I teach at a community college to students who, almost universally, take my classes because they are required for a non-mathematical programme. Many (but by no means all) of them come to the class thoroughly frustrated with school ‘math’. To make things worse, I’m faced with a large college-mandated curriculum to cover in too short a time for some of these students; I haven’t yet figured out how to fit in any actual mathematics. But I want to teach them something that will actually be useful to them. This does not include (a) precise definitions, but it does include (b) hand-wavy explanations of what things mean, as well as both (c) rules for calculation and (d) experience setting up word problems. Of these, my students generally like (b&c) but not (a&d). With (d), I have to disagree with them for their own good, but if they don’t like it when my attempt at (b) becomes too much like (a), then I blame myself.
Much of the problem with that particular M.O question, of course, is that people are teaching classes to many different types of students and talking as if we’re all teaching the same class. In your classes, you may well be doing the best that you possibly could. But you seem to be arguing (in the entire paragraph quoted above) that if one covers material within one’s students’ grasp and they do not choose to grasp it, then they alone are to blame. Ignoring the possibility that one is explaining things poorly (which in your case I doubt), just because something is within their grasp and nominally part of the syllabus doesn’t mean that it’s a useful thing to cover. Their boredom may be appropriate.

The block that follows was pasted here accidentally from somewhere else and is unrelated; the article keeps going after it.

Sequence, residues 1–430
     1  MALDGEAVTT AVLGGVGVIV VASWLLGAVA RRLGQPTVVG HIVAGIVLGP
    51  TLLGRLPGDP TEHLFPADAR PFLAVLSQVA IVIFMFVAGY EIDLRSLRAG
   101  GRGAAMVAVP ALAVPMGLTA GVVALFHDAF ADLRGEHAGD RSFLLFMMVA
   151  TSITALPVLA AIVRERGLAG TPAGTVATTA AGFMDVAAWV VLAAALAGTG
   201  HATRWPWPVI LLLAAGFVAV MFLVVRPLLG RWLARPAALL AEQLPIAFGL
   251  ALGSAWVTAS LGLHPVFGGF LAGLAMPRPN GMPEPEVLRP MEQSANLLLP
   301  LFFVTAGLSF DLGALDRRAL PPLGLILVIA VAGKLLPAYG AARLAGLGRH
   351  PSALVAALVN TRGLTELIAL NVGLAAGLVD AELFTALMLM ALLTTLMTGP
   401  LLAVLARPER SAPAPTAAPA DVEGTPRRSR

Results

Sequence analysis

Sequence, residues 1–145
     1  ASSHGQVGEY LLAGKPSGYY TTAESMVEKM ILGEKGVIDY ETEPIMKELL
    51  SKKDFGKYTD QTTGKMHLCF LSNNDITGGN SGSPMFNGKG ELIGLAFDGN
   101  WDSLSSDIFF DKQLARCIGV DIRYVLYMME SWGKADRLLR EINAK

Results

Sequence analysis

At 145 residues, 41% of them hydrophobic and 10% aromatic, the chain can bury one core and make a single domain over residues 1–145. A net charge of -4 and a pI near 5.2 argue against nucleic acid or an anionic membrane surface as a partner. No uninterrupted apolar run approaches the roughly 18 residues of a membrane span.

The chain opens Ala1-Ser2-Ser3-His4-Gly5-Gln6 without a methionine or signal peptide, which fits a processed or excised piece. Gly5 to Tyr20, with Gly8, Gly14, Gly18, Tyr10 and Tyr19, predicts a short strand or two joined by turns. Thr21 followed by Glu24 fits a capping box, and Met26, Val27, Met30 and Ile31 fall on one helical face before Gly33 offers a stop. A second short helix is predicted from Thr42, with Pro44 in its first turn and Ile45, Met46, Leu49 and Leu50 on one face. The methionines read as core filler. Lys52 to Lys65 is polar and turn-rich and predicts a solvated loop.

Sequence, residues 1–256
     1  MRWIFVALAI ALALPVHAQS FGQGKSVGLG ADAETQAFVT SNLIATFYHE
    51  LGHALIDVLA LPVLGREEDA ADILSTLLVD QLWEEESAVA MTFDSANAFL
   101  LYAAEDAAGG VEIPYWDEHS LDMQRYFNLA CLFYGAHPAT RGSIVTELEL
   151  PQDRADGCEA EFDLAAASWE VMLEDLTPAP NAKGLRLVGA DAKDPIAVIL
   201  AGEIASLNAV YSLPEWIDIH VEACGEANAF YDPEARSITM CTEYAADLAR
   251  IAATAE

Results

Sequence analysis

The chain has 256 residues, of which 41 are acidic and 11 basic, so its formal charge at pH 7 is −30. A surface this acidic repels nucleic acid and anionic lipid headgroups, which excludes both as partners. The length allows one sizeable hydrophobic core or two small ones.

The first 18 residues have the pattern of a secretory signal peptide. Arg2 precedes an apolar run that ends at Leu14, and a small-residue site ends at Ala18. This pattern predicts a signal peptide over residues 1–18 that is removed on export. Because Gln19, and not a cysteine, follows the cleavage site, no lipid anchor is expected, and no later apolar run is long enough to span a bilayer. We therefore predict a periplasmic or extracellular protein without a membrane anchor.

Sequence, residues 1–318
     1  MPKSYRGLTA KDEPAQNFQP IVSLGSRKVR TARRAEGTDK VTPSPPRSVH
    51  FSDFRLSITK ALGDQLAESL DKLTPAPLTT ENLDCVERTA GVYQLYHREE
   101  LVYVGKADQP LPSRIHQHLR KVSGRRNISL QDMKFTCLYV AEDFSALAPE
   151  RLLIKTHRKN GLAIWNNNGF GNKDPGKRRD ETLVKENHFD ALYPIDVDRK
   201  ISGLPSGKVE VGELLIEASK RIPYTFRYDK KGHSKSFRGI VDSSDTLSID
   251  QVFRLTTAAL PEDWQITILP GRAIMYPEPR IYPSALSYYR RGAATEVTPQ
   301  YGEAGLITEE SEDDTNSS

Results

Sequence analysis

There’s also the problem that the calculus curriculum, in particular, really is silly. I’ve been pushing Bridging the Vector Calculus Gap all over M.O today, so I may as well mention it again here. Their paper on freshman calculus is most relevant. If one abandons a rigorous definition of limit, as my college-mandated text does, starting with that becomes even more pointless.
If by (b) you mean to eschew giving the precise definition of a derivative or a limit, yet still try to get students to understand something about how the derivative is defined in order that it have the desired meaning, rather than being just a a list of rules for how to differentiate all the functions they are familiar with, then that seems to me in substantially the same spirit as Andrew’s answer, but adjusted appropriately for the level of students.